Inputs your provide – Staff, volunteers, money, place, trainers, tests, counselors, food

Outputs you count – Participants, attendees, graduates, program completers, certifications, qualifications, parents counseled

Resources you obtain – Materials for students, Childcare for career training attendees, mobile classroom, counseling services

 

Outcomes are what you produce depending on where you fall in the continuum – In reporting and in seeking funding, you must explain how your product helps accomplish the outcome(s) of the funder or partnership.  Here are some examples:

  • Middle Schoolers ready to enter high school – demonstrate how you know they are ready to enter high school and move on toward graduating and obtaining a job with family sustaining wages
  • Nutritional meals for Seniors that help increase their overall health
  • Program participants that are ready to fill and sustain positions in health care, manufacturing, logistics, etc. that provide family sustaining wages
  • Healthier families because you provided  food on weekends to elementary school children, health screenings for seniors, free medical clinic
  • Decreased children in poverty because you have facilitated the outcome of more people employed with family sustaining wages

 

I have attempted to provide you some explanation and examples so that you can be better prepared to determine your own Outcomes and differentiate them from Activities.  However, Outcomes are very personal to an organization/agency and where it fits into the big picture.  One of the best pieces of advice I can provide is to get outside input.  People within an organization or agency are so busy doing the work that it is difficult for them to step back far enough to see the other parts of the continuum.  Outside scrutiny can help with this.  Outside help can come from many sources, here are a few:  Funder (donor, grantor, government agency, etc.), education (university institute, interns, students in an appropriate, professors, etc.), consultant, board, volunteer, other organizations/agencies and even the funding provider.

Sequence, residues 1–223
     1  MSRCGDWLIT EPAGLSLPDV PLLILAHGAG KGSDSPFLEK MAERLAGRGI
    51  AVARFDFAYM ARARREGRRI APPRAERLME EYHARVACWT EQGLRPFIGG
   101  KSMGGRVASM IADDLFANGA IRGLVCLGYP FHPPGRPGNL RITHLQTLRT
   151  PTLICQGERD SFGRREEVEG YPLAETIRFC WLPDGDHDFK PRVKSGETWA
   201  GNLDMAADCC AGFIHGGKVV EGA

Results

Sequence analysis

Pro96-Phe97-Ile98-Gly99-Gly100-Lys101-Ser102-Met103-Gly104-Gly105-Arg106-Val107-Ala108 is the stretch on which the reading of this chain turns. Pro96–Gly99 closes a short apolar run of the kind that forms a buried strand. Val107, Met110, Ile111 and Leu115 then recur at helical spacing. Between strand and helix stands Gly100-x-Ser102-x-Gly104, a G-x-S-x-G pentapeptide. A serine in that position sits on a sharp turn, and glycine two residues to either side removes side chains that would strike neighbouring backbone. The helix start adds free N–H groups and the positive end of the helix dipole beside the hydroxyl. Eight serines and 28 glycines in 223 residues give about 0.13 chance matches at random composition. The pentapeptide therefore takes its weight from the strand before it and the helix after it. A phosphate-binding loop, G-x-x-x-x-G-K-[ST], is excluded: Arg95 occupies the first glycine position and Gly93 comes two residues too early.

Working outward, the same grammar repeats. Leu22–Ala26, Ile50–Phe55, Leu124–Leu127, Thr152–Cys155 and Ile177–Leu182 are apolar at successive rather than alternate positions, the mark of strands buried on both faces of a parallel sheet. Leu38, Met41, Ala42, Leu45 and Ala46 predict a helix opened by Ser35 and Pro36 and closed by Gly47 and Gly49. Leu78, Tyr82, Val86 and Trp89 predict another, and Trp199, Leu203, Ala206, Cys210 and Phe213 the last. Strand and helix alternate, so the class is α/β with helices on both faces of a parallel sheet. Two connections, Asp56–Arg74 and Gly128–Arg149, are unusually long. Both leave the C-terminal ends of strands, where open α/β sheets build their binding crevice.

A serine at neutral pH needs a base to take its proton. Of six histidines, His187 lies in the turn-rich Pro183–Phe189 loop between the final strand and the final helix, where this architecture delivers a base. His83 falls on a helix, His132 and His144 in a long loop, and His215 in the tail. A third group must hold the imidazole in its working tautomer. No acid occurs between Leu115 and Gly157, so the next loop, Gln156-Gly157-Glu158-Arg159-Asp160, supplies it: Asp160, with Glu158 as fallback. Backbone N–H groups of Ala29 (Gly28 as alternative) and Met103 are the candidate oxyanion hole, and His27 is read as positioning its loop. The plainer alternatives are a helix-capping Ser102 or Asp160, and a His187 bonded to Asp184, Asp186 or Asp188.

Taking The Pain Out Of Doing Reports

Preparing reports is not the favorite activity of nonprofits and other organizations.  As a matter of fact it is often the least favorite part.  Leaders and program staffs of organizations want to spend their time delivering their services – helping people.  The accounting staff wants to do accounting.  Fund raisers want to raise funds.   Grants staff wants to spend their time on identifying and writing grants.  But reports must be written or the funding dries up.

There are some things that can be done to greatly reduce the pain and frustration of preparing reports.

 

Before the Report